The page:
Thing 19: Online scheduling and polling

In the last Thing we looked at tools for collaborating with others online. It’s a lot easier to get everyone together online than in the real world, but it can still take a lot of organising. But fear not! There are tools for this too. Here we will look at some easy tools for running scheduling polls and other simple surveys.

One of the most popular scheduling tools is Doodle. Doodle is free, easy to use and doesn’t require any registration (although it offers added features to registered users). For this Thing, please explore Doodle and, if you can, give it a try for scheduling something.

Step-by-step instructions

  1. Go to
  2. Click on the ‘Create a Doodle’ button.
  3. Follow instructions for Steps 1-4, each time clicking ‘continue’ to get to the next page. Decide on the dates that you are free and the time slots within each date that you are free and add them in the chart.
  4. At Step 4 you need to decide whether you want to send an email to your colleagues yourself or whether you want Doodle to do this.
  5. If you have chosen to send the poll out yourself then don’t type the email address in at Step 4; check your emails from Doodle and follow the clear instructions in them.
  6. Send the link out and wait for responses!


Surprisingly few of the inhabitants found themselves free for Sauron’s birthday party
Photo by The Roaming Platypus on Unsplash


Exploring further

You can integrate Doodle with other online tools, including your Microsoft Outlook calendar, Google calendar or iCal; Doodle can sync meetings you set up with these calendars and update based on poll results. Doodle’s calendar integration page provides more info on how to set these up.

Doodle isn’t the only online scheduling tool, although it is one of the most popular. You might want to explore other options such as Meet-o-Matic or Scheduly.

If you’ve had a proper nose about, you will have noticed that you can use Doodle for more than scheduling dates. Imagine you’re holding a dinner party and want to know what the majority of guests would prefer to eat. Can you think of a more research-appropriate use of this function?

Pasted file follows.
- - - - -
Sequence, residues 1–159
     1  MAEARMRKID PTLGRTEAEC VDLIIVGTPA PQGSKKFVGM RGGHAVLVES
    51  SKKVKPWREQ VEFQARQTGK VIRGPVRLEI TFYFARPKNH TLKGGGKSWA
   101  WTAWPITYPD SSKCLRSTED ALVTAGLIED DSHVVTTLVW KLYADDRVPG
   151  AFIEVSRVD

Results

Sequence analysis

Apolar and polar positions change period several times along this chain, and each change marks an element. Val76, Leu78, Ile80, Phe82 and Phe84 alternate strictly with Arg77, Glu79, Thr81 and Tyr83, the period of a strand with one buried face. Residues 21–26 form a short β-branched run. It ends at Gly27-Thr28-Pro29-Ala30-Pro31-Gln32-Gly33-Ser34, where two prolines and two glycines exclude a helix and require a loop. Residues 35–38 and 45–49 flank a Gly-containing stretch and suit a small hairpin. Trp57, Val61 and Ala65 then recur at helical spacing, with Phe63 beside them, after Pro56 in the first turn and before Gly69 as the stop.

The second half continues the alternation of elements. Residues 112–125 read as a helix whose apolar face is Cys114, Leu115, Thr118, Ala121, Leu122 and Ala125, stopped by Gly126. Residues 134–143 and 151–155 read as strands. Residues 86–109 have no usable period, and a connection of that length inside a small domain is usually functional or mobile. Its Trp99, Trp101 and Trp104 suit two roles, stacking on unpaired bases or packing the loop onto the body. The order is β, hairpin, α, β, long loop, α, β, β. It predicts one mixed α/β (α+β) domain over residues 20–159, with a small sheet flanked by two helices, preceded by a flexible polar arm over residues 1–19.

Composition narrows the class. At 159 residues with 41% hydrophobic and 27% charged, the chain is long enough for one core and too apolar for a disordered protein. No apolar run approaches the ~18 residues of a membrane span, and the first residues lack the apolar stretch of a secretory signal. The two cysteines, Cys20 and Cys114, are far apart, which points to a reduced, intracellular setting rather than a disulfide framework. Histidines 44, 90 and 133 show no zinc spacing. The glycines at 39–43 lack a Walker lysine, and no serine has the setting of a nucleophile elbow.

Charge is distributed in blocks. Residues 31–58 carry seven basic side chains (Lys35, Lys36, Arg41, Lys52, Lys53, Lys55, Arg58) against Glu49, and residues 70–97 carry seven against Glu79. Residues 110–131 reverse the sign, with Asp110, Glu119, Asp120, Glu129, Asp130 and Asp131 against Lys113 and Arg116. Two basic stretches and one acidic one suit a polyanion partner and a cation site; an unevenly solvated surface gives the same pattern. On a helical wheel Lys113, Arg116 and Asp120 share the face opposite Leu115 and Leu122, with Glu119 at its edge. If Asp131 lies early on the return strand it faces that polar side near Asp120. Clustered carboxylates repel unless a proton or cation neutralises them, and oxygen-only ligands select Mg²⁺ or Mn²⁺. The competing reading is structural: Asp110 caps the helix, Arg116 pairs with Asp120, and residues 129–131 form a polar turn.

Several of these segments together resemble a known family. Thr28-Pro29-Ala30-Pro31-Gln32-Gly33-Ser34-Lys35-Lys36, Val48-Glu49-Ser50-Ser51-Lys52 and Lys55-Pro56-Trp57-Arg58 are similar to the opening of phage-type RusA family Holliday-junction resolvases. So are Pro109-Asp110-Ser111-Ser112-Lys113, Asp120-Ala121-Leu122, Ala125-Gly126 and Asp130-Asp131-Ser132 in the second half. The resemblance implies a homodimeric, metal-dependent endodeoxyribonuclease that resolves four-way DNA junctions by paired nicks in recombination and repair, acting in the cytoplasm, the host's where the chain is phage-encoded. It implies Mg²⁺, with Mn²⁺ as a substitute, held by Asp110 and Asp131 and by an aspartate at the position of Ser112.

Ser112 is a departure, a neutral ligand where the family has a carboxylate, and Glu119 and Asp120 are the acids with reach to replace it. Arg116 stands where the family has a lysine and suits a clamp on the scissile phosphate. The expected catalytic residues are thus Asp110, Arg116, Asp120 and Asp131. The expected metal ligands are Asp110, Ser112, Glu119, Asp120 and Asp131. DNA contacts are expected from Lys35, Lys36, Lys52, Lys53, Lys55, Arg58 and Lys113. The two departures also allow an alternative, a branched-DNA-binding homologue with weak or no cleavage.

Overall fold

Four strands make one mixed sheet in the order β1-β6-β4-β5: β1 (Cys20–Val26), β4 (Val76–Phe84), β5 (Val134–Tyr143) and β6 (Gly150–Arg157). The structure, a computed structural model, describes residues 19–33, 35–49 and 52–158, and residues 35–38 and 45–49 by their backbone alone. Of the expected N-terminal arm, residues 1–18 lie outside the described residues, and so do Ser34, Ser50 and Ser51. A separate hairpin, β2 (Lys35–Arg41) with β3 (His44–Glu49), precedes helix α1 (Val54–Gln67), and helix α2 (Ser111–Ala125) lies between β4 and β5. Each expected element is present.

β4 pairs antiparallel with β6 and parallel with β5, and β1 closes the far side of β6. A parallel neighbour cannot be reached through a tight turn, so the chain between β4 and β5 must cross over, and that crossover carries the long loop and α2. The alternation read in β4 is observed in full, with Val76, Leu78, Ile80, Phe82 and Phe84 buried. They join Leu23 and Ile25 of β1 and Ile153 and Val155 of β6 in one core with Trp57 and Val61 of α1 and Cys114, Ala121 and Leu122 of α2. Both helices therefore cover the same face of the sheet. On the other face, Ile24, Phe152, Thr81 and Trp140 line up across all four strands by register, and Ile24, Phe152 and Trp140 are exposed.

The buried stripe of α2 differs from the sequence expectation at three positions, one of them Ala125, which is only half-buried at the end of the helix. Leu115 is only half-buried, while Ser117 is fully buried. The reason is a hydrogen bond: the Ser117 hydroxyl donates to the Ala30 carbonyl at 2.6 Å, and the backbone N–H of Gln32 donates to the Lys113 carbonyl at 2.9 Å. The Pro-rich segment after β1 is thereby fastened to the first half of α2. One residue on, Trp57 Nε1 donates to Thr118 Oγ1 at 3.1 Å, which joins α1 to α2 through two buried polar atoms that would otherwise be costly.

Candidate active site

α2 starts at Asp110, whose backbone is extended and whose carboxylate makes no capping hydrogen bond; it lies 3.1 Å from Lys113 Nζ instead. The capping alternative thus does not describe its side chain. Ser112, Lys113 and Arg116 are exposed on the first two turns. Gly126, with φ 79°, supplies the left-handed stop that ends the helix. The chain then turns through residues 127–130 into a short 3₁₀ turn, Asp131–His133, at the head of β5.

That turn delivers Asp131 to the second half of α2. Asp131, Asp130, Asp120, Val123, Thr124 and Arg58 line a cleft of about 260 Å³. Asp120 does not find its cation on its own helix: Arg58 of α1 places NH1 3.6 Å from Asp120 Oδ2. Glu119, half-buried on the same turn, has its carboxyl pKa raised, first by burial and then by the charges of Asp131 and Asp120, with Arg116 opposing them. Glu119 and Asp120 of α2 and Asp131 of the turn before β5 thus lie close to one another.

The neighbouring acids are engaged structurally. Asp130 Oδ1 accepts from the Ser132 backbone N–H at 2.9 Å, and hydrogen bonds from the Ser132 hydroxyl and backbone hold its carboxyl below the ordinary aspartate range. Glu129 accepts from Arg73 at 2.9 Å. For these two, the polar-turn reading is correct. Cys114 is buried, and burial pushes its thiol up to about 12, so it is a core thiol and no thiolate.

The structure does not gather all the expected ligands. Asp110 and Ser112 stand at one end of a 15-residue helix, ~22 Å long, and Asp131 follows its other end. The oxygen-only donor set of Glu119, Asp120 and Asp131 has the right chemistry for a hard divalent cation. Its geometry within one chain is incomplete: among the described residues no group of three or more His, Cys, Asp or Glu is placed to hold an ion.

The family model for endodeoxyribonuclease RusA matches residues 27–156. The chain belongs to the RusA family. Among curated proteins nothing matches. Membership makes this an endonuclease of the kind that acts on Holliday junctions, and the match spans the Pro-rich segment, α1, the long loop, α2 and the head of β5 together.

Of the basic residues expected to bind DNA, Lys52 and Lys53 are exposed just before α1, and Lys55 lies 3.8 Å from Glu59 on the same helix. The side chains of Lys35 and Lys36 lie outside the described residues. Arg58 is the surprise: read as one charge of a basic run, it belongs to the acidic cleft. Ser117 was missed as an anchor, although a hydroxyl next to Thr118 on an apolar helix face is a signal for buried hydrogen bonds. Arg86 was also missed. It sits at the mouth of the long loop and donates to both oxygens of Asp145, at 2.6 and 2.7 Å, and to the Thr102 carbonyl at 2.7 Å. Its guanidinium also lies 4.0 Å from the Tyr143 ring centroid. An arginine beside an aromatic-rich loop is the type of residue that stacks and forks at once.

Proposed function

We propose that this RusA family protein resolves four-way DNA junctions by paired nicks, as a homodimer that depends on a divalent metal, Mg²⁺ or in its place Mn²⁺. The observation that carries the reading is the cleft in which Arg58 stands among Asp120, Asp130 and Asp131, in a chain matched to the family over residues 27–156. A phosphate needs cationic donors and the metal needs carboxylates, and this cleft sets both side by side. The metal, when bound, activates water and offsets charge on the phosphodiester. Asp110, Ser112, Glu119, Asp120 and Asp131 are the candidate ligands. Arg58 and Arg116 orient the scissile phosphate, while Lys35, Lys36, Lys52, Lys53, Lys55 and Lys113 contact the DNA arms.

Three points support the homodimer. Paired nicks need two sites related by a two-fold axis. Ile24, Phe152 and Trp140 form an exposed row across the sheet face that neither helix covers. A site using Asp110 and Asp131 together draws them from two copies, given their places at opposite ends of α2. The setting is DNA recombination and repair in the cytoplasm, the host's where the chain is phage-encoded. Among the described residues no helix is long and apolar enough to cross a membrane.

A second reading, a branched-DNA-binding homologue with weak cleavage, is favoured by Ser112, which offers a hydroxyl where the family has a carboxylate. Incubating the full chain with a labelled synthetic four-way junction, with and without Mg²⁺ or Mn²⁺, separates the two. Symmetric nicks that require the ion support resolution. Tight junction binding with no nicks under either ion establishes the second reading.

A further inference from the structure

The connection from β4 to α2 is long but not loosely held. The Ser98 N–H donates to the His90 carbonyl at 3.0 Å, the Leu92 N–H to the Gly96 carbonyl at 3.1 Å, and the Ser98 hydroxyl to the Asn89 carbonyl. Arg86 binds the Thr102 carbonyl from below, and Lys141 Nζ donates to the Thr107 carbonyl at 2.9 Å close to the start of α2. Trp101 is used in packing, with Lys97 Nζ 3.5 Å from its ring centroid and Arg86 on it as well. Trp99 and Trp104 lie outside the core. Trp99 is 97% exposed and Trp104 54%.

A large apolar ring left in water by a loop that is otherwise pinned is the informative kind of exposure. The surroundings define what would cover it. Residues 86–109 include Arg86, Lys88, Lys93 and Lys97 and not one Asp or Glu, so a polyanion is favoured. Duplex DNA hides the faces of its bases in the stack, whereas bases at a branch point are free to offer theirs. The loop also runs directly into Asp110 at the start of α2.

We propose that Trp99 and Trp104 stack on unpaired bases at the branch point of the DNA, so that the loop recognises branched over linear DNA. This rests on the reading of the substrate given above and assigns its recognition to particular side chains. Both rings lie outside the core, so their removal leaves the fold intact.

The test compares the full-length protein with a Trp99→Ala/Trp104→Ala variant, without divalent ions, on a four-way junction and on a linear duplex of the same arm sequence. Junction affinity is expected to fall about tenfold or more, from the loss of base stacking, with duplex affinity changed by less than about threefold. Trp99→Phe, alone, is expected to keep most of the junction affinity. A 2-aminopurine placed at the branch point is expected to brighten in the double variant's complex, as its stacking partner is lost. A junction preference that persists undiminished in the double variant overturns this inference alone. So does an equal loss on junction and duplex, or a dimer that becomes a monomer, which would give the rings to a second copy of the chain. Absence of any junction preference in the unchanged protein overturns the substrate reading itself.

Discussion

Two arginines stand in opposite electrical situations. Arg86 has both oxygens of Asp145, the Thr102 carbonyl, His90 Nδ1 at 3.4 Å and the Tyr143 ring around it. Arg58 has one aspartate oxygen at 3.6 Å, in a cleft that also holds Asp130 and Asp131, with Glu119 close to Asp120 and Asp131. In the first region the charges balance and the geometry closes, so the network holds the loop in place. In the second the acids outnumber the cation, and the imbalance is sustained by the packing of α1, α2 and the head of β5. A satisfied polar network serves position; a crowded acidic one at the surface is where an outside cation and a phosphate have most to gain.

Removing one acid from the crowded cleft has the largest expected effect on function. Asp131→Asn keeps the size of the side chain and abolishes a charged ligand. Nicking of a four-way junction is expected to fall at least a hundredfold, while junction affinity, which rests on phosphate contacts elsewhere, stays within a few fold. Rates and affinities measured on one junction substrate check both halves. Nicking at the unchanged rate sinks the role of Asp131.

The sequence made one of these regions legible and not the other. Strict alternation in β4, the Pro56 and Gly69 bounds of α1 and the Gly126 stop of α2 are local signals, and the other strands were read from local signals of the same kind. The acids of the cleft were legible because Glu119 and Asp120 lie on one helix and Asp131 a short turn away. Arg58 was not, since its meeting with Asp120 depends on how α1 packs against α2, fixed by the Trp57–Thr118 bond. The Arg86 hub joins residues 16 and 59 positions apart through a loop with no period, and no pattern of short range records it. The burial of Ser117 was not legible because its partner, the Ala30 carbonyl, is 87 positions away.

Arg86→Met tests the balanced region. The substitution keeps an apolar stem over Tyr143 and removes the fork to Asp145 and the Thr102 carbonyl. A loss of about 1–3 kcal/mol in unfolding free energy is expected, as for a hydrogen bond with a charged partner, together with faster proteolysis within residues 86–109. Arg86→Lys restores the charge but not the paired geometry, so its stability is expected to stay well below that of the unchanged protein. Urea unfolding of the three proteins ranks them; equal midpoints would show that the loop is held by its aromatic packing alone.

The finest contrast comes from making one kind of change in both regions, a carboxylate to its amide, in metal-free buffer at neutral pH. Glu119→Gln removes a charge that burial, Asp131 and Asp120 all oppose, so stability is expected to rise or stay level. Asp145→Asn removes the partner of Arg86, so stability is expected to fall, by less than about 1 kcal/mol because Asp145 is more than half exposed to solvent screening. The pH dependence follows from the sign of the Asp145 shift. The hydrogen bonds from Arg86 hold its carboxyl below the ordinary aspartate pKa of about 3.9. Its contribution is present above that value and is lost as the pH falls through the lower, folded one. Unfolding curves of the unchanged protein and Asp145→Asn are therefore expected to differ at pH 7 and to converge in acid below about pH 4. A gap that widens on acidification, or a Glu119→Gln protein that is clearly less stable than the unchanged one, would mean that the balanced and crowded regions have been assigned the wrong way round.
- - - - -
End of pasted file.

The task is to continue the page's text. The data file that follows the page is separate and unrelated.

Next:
And still more…

If you’re looking to gather a bit more information from your participants, you could try using Google Forms. Similarly to other survey tools such as Survey Monkey, Google Forms allows you to write questionnaires and send them to your target participants. This can be anything from a simple request about dietary preferences, up to a heavy-weight survey with a mixture of multiple-choice, free-text and linear scale questions. The upside to Google forms is that unlike many providers you can use all the fancy tools without a paid membership – including graphing your results, downloading your results into a spreadsheet, and customising the look of the survey. One downside to consider is that you will need to open a gmail account (if you don’t have one already); also bear in mind that (as with any platform) you should not use it to share or gather sensitive or personal information. A research project, for example, may require additional levels of confidentiality protection. Google forms is part of the Google Docs suite, which we’ll look at shortly…


“I’m gonna make you a diary appointment you can’t refuse…”
Photo by David Clode on Unsplash

Author: rdpsurrey

Providing personal and professional development opportunities to researchers at the University of Surrey.

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